;Anthologies and collections * 1986. ''The Collected Papers of Alfred Tarski'', 4 vols. Givant, S. R., and McKenzie, R. N., eds. Birkhäuser. * * 1983 (1956). ''Logic, Semantics, Metamathematics: Papers from 1923 to 1938 by Alfred Tarski'', Corcoran, J., ed. Hackett. 1st edition edited and translated by J. H. Woodger, Oxford Uni. Press. This collection contains translations from Polish of some of Tarski's most important papers of his early career, including ''The Concept of Truth in Formalized Languages'' and ''On the Concept of Logical Consequence'' discussed above. ;Original publications of Tarski: * 1930 Une contribution à la théorie de la mesure. Fund Math 15 (1930), 42–50. * 1930. (with
Jan Łukasiewicz Jan Łukasiewicz (; 21 December 1878 – 13 February 1956) was a Polish logician and philosopher who is best known for Polish notation and Łukasiewicz logic. He was born in Lemberg, a city in the Austrian Galicia, Galician Kingdom of Austria-Hungar ...

Jan Łukasiewicz
). "Untersuchungen uber den Aussagenkalkul" ["Investigations into the Sentential Calculus"], ''Comptes Rendus des seances de la Societe des Sciences et des Lettres de Varsovie'', Vol, 23 (1930) Cl. III, pp. 31–32 in Tarski (1983): 38–59. * 1931. "Sur les ensembles définissables de nombres réels I", ''Fundamenta Mathematicae 17'': 210–239 in Tarski (1983): 110–142. * 1936
"Grundlegung der wissenschaftlichen Semantik"
''Actes du Congrès international de philosophie scientifique, Sorbonne, Paris 1935'', vol. III, ''Language et pseudo-problèmes'', Paris, Hermann, 1936, pp. 1–8 in Tarski (1983): 401–408. * 1936
"Über den Begriff der logischen Folgerung"
''Actes du Congrès international de philosophie scientifique, Sorbonne, Paris 1935'', vol. VII, ''Logique'', Paris: Hermann, pp. 1–11 in Tarski (1983): 409–420. * 1936 (with Adolf Lindenbaum). "On the Limitations of Deductive Theories" in Tarski (1983): 384–92. * 1994 (1941). ''Introduction to Logic and to the Methodology of Deductive Sciences''. Dover. * 1941. "On the calculus of relations", ''Journal of Symbolic Logic 6'': 73–89. * 1944.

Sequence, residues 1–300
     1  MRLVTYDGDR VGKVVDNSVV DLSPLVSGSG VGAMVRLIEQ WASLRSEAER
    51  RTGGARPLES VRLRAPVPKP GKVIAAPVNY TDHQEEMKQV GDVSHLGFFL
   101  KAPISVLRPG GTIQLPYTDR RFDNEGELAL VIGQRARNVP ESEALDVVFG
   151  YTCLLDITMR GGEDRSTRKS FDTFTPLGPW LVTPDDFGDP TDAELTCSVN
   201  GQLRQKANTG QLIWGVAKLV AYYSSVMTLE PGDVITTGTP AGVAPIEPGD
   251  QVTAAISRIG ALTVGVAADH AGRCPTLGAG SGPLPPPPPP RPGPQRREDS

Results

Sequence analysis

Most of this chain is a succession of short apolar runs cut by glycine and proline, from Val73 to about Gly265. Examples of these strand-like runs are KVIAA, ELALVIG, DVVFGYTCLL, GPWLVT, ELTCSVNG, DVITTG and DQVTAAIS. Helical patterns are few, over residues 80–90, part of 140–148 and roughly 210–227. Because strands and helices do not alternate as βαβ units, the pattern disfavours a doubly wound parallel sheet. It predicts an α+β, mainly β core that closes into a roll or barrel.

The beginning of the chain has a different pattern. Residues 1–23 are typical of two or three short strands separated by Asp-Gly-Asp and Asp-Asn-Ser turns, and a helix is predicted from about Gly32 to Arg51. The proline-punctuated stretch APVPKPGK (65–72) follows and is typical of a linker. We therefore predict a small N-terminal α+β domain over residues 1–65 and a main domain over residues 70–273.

" ''Philosophy and Phenomenological Research 4'': 341–75. * 1948. ''A decision method for elementary algebra and geometry''. Santa Monica CA: RAND Corp. * 1949. ''Cardinal Algebras''. Oxford Univ. Press. * 1953 (with Mostowski and Raphael Robinson). ''Undecidable theories''. North Holland. * 1956. ''Ordinal algebras''. North-Holland. * 1965. "A simplified formalization of predicate logic with identity", ''Archiv für Mathematische Logik und Grundlagenforschung 7'': 61-79 * 1969.
Truth and Proof
, ''Scientific American 220'': 63–77. * 1971 (with Leon Henkin and Donald Monk). ''Cylindric Algebras: Part I''. North-Holland. * 1985 (with Leon Henkin and Donald Monk). ''Cylindric Algebras: Part II''. North-Holland. * 1986. "What are Logical Notions?", Corcoran, J., ed., ''History and Philosophy of Logic 7'': 143–54. * 1987 (with Steven Givant). ''A Formalization of Set Theory Without Variables''. Vol.41 of American Mathematical Society colloquium publications. Providence RI: American Mathematical Society.
Review
* 1999 (with Steven Givant)

''Bulletin of Symbolic Logic 5'': 175–214. * 2002. "On the Concept of Following Logically" (Magda Stroińska and David Hitchcock, trans.) ''History and Philosophy of Logic 23'': 155–196.


See also

* History of philosophy in Poland#20th century, History of philosophy in Poland * Cylindric algebra * Interpretability * Weak interpretability * List of things named after Alfred Tarski


References


Further reading

;Biographical references * * * * * Patterson, Douglas. ''Alfred Tarski: Philosophy of Language and Logic'' (Palgrave Macmillan; 2012) 262 pages; biography focused on his work from the late-1920s to the mid-1930s, with particular attention to influences from his teachers Stanislaw Lesniewski and Tadeusz Kotarbinski. ;Logic literature * The December 1986 issue of the ''Journal of Symbolic Logic'' surveys Tarski's work on
model theory In mathematical logic Mathematical logic is the study of formal logic within mathematics. Major subareas include model theory, proof theory, set theory, and recursion theory. Research in mathematical logic commonly addresses the mathematical ...